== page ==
On Pins and Needles: A Segregated Work Force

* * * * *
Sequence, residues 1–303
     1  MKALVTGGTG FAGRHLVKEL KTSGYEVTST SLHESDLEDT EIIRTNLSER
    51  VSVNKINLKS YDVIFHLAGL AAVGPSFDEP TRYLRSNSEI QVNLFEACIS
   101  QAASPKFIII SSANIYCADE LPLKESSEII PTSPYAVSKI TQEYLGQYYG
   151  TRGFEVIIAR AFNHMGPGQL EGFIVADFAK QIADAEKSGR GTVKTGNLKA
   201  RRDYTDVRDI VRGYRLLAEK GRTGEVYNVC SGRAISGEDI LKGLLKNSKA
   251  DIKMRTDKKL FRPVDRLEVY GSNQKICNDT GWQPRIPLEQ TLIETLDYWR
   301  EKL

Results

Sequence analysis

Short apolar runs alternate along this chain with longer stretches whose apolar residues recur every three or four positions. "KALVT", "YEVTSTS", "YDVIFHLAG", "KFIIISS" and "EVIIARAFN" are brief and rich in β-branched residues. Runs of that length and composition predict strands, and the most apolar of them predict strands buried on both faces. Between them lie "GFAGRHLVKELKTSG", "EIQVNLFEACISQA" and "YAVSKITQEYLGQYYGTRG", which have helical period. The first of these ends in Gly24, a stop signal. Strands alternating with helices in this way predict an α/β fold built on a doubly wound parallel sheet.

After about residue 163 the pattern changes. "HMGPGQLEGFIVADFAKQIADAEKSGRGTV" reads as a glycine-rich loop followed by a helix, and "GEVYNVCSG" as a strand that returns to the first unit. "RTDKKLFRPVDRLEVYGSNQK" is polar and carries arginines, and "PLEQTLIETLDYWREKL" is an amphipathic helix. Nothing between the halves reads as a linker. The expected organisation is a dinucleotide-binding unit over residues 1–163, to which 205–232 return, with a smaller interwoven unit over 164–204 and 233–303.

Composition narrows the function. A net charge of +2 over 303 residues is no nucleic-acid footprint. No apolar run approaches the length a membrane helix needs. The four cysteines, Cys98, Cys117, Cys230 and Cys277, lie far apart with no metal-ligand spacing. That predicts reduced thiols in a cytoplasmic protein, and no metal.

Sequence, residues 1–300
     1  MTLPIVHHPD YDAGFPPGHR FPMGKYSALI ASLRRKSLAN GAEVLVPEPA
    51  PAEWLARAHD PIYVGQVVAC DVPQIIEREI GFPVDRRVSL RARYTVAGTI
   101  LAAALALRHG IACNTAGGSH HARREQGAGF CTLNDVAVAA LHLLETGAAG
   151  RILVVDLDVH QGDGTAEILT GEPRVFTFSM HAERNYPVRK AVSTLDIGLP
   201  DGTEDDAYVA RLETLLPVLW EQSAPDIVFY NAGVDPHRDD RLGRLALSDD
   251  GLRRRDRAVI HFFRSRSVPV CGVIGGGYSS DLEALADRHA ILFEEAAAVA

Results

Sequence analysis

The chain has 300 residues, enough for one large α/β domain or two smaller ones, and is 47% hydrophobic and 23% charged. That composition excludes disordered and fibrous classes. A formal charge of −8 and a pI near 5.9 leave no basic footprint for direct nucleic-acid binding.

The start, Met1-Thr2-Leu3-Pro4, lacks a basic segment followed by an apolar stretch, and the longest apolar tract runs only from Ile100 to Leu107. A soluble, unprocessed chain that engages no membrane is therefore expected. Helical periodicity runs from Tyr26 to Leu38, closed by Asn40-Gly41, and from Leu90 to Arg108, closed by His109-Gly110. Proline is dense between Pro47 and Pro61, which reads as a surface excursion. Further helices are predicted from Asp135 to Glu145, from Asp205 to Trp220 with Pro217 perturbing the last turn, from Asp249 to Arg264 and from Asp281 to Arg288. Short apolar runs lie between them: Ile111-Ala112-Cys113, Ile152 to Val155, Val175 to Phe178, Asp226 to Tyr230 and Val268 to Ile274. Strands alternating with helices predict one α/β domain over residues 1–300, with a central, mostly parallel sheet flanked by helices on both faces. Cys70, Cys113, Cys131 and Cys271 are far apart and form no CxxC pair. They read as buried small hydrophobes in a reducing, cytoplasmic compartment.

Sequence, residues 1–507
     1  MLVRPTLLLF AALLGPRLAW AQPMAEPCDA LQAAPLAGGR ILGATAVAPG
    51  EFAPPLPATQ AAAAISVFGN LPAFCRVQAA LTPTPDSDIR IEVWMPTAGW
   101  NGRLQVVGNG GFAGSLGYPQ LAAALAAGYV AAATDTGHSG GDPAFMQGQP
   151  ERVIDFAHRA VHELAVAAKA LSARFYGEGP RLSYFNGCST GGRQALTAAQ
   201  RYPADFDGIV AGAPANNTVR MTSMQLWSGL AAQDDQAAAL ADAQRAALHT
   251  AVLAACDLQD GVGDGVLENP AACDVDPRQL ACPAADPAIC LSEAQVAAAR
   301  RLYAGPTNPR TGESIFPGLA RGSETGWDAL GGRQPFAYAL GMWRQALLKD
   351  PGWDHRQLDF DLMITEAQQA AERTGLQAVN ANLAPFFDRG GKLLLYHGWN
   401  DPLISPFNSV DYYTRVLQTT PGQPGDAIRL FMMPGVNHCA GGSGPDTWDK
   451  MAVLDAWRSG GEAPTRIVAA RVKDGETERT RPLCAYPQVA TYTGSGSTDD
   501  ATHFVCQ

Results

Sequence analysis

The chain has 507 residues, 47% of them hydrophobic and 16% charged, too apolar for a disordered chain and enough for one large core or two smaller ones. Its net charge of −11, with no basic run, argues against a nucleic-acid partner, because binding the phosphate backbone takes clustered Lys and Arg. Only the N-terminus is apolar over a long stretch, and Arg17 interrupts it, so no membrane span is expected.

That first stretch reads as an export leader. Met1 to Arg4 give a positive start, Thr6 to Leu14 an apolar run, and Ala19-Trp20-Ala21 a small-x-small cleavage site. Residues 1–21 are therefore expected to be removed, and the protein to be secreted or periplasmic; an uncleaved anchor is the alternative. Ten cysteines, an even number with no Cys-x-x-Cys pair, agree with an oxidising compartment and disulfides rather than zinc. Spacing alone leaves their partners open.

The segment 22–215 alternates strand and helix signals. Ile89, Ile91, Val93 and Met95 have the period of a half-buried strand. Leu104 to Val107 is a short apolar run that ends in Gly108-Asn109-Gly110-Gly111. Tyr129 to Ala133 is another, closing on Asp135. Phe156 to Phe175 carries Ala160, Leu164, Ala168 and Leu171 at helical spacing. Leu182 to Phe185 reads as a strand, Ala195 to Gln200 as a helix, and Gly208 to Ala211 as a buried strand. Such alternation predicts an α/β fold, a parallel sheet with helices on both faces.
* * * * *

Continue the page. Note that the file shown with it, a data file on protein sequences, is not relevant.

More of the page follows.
The Donnelly Garment Company (DGC) was no exception to the racial discrimination and segregation that was pervasive in the U.S. in the first half of the twentieth century. Only janitorial jobs at the DGC were available to Black men and women. Though the white women who worked as seamstresses were effusive in their praise of the clean, safe working conditions at the DGC, there is no evidence they challenged the injustices experienced by their Black coworkers. Indeed, the segregation of the workforce may have contributed to some white workers’ perceptions that DGC was an ideal workplace community.